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Reese Fallon, who died in the Danforth Avenue shooting on Sunday, July 22, 2018.

Facebook/Reese Fallon

One was a child, and the other had just become an adult.

Police said that a 10-year-old girl from the Greater Toronto Area and an 18-year-old Toronto woman were the two people killed in the mass shooting Sunday night on Danforth Avenue. Another 13 people were injured.

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No details have been released of the 10-year-old girl, but a portrait has emerged of the teenage victim.

Reese Fallon recently graduated from high school and was to attend McMaster University to study nursing, according to posts on what appeared to be her Facebook page and that of her father’s.

“High school in the books … Next stop, Nursing at McMaster!” Doug Fallon wrote over a picture of his daughter. “Congrats Reese … So proud!”

Ms. Fallon was attending a birthday celebration with friends at a restaurant on the Danforth, according to sources who know her family. One of the friends in the group was also injured in the shooting and taken to a hospital, sources said.

A steady stream of mourners gathered Monday night for a vigil at Calvary Church, north of Pape and Danforth, a few blocks from where the shooting took place. A group of three young women hugged a fourth, who was crying, in front of the church doors. One clutched a bouquet of flowers.

Jessica Harrison and Molly Corcoran, high-school classmates of Ms. Fallon, were among those who came to pay their respects.

Ms. Corcoran described the slain woman as beautiful and “very smart.” Their reaction was one of “devastation” – everyone who knew Ms. Fallon was shocked, she said.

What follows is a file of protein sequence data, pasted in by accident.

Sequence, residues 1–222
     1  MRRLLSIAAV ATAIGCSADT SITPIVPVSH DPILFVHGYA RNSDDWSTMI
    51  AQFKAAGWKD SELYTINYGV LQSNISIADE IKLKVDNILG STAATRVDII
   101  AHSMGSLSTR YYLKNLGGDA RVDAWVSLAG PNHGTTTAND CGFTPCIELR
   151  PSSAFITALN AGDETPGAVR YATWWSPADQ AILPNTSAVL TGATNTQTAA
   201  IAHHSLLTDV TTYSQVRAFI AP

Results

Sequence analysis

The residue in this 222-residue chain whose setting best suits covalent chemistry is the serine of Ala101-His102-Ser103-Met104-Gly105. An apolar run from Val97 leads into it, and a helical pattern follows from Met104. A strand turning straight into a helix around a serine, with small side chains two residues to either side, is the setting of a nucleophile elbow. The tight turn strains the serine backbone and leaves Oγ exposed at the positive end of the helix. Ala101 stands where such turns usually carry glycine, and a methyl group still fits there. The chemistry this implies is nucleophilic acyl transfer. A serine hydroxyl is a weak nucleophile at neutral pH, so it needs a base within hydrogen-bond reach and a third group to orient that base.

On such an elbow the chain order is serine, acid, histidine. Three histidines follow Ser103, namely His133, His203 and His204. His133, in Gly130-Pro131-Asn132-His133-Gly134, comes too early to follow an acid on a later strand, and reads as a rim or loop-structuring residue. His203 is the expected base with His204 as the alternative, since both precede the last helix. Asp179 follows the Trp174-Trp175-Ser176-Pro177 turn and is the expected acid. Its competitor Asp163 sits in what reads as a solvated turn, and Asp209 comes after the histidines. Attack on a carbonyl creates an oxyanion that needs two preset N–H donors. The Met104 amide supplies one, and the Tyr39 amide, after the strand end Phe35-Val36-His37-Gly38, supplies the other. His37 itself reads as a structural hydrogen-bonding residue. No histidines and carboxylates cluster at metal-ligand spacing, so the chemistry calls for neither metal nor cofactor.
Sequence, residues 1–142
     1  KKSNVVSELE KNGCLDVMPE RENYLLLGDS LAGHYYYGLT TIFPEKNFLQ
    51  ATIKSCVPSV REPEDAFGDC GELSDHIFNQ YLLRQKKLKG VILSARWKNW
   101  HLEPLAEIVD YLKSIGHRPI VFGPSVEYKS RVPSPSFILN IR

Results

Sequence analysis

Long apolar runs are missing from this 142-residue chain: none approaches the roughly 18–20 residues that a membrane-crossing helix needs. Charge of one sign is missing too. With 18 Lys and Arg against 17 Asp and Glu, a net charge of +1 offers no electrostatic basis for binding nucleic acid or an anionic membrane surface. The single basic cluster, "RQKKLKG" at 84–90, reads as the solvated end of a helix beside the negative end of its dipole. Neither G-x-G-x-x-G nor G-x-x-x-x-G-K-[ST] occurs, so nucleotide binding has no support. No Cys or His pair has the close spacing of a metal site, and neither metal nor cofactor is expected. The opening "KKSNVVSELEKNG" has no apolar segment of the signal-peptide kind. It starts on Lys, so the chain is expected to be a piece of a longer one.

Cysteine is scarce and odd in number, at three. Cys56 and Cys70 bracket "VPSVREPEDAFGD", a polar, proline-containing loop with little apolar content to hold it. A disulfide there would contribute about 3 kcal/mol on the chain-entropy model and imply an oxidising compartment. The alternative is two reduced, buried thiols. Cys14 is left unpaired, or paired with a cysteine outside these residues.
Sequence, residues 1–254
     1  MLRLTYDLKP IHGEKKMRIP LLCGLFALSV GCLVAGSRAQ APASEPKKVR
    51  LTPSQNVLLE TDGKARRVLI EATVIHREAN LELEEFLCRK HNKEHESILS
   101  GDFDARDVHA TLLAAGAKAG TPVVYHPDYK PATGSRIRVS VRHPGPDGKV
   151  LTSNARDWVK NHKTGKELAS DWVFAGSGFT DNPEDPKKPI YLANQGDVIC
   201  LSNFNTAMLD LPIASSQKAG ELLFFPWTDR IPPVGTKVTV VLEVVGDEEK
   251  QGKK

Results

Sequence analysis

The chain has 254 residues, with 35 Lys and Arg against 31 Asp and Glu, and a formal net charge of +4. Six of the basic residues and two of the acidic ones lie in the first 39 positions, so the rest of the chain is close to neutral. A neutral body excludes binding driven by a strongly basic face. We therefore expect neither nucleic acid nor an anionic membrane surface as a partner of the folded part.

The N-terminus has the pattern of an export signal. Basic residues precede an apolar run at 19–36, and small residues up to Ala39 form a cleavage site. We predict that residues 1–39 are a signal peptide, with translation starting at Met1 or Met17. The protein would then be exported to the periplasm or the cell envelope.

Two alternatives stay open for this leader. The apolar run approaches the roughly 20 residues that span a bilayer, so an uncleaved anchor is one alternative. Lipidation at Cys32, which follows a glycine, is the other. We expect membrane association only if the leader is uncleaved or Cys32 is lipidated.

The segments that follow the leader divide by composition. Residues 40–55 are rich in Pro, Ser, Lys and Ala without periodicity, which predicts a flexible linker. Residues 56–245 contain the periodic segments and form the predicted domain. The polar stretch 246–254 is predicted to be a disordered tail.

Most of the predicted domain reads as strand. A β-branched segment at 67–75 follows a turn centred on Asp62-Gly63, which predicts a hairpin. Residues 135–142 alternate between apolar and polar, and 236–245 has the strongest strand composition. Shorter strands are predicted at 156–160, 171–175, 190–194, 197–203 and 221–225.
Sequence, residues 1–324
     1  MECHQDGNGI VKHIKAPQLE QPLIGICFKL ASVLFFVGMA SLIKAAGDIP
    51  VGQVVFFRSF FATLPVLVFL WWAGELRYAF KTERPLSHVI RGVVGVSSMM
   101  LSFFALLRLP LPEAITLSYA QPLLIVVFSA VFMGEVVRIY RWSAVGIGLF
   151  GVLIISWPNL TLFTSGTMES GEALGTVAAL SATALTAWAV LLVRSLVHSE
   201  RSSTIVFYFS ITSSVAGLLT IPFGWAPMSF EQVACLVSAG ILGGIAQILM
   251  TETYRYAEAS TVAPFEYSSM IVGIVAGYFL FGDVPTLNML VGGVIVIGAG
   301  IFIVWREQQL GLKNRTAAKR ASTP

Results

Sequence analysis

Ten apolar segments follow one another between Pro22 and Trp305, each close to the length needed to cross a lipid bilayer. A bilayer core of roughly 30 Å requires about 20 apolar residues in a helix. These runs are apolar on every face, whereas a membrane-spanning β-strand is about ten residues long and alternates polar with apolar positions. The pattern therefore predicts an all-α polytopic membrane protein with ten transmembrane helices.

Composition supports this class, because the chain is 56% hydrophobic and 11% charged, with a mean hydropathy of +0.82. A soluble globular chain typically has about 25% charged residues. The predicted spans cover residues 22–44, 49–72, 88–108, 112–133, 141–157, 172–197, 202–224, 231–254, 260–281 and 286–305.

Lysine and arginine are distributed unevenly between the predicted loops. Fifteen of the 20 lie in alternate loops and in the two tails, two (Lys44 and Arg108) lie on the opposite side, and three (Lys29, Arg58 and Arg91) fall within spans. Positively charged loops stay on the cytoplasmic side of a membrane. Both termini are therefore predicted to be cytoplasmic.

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Liberal MP Nathaniel Erskine-Smith, who spent time with the family on Monday and knew their daughter, said “they are absolutely devastated, and that they otherwise ask for privacy at this time.

“She was a wonderful young woman. She was full of energy, passionate and smart and bent on making a difference in the world,” Mr. Erskine-Smith said.

John Malloy, director of education for the Toronto District School Board, said Ms. Fallon graduated from Malvern Collegiate Institute in the city’s east end. Mr. Malloy described her as an "engaging student,” who was “highly regarded by staff and loved by her friends.

“We are heartbroken to learn that a recent graduate of the TDSB was among those who tragically passed away as a result of [Sunday] night’s violence on the Danforth,” he said in an e-mail statement.

The school would be open on Tuesday, Mr. Malloy said, and supports made available to students who need them. The flag at Malvern and all TDSB administrative buildings would be lowered to half-mast, Mr. Malloy said.

Frank Hong, 16, said he first met Ms. Fallon in April at the national Liberal Party convention in Halifax. He described her as an active young Liberal.

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“She gave the warmest hugs. She was just such a nice person,” said Mr. Hong, who attends high school in Toronto.

Mr. Hong said he was in shock over Sunday’s shooting, especially because it happened only three months after the Yonge Street van attack that killed 10 people. He said he knew one of the victims and the son of another from that attack.

“Reese was one of the kindest people. I’m just in shock that she’s the one that was impacted,” he said.

With reports from Jack Hauen and Oliver Moore

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